On Beauty (Zadie Smith): This is the first Zadie Smith book I’ve read and, clearly, she’s a gifted writer (the book won the 2006 Orange Prize for Fiction). For me, however, although I found it entertaining and very readable, I thought it was actually an unremarkable book and another example, perhaps, of why I have a preference for reading non-fiction. Sorry!
Swimming In A Sea Of Death: A Son’s Memoir (David Rieff): Susan Sontag (American writer+filmmaker, professor, literary icon, political activist etc) died in December 2004, aged 72, and this is a courageous tribute of her final years by her son, David Reiff. She’d previously overcome two bouts of cancer, but was eventually diagnosed with an incurable form of leukaemia in 2004. In many ways, this book represents Reiff’s continuing process of grieving (which verges at times on self-pity)… and also an attempt to deal with his (as he sees it) guilt for perhaps not doing as much as he might have. It’s an elegant and profound book.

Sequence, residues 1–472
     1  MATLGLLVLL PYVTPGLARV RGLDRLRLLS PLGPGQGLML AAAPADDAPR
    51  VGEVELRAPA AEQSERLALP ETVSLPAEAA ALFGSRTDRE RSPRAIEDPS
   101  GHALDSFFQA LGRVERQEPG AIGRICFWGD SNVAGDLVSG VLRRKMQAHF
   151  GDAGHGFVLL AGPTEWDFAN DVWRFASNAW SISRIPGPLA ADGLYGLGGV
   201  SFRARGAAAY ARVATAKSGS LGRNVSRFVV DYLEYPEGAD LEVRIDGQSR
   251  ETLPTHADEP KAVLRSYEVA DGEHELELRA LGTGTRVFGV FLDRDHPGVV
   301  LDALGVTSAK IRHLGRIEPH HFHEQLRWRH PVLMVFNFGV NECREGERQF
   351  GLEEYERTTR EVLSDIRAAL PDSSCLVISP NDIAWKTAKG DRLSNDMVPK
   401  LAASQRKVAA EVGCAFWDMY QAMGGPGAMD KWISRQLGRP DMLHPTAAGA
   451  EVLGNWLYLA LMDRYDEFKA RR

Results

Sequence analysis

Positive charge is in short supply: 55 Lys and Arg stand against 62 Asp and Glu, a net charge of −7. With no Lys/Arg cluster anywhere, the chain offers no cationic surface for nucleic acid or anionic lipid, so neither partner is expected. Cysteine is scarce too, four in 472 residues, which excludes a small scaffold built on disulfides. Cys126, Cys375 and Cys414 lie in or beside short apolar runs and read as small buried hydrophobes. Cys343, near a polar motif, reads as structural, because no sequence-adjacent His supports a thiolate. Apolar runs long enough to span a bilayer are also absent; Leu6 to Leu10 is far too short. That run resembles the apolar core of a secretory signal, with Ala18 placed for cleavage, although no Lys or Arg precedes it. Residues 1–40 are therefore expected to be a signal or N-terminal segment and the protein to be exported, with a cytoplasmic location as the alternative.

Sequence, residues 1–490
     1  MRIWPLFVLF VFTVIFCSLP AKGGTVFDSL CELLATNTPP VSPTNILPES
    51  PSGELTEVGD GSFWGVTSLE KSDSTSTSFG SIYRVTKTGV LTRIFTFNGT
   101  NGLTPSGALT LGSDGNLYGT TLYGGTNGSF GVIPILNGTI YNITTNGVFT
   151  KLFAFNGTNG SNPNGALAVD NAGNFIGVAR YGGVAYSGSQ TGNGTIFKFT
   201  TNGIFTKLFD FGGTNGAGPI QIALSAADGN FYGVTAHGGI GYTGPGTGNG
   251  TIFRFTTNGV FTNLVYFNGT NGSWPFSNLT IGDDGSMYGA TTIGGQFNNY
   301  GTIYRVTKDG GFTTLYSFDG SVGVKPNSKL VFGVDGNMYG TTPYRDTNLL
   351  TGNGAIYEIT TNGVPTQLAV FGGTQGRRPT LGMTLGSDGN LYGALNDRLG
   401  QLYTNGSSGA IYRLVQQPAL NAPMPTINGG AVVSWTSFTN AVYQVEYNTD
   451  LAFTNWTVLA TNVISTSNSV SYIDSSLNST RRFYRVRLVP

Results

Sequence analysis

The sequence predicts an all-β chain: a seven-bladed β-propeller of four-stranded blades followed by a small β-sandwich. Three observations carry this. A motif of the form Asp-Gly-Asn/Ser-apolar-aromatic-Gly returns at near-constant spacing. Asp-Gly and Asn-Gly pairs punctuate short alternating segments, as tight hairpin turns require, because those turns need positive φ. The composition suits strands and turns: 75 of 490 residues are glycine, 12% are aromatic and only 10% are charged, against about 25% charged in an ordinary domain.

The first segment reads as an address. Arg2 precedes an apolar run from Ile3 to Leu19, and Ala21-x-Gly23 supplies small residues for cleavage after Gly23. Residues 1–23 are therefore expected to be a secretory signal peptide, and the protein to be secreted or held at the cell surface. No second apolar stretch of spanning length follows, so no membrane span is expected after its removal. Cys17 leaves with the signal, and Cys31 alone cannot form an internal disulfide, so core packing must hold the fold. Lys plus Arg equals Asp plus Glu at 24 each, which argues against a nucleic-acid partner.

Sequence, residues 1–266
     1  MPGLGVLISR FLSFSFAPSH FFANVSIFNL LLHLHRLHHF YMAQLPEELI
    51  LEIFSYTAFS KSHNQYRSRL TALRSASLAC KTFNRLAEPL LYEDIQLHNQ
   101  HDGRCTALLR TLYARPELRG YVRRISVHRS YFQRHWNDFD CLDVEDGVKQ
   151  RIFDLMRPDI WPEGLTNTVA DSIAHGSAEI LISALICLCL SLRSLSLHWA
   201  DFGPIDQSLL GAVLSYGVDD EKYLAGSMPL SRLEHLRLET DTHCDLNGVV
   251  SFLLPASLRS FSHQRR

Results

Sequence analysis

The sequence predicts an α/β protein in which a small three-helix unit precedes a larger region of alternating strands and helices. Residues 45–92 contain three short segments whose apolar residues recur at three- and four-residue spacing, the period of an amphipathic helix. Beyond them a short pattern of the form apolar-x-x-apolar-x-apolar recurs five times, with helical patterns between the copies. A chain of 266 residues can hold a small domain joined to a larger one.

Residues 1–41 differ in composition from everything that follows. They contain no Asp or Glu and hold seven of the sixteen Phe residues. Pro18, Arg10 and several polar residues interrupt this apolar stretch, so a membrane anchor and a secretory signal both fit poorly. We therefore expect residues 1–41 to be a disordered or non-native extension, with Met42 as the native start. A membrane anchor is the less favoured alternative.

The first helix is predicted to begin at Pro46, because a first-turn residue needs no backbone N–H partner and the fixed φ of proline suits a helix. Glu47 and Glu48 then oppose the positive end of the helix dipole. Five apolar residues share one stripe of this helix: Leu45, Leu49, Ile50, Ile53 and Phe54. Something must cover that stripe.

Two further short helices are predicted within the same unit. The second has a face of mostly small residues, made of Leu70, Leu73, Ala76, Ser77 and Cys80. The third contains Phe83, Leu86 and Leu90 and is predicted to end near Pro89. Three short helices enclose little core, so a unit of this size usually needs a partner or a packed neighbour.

Hawthorn+Child (Keith Ridgway): Blimey, this is a strange, dark, uncompromising, unpredictable, but rather refreshing “detective” novel (except that it isn’t really). At times, I felt as if Ridgway had simply cut-and-pasted together unconnected stories he’d jotted down in his notebook. It’s a curious, very clever book (probably far too clever for me!) – well written and somewhat mesmerising.
I Was Born There, I Was Born Here (Mourid Barghouti): Barghouti is a Palestinian poet and writer. This powerful, angry and yet gentle, passionate and supremely eloquent book provides a tragic insight into the plight of Palestinians and their perspective on the conflict and the injustice and humiliation of living under Israeli occupation - the unjust deportations, the outrageous borders and checkpoints and simply trying to exist in a dangerous, fearful world waiting for electricity and water to come back on. It’s an absolutely beautiful book which, given its context, is surprisingly uplifting and encouraging. I think all politicians (especially from USA and Europe) should read this and get a proper sense of the injustice of the Israeli occupation.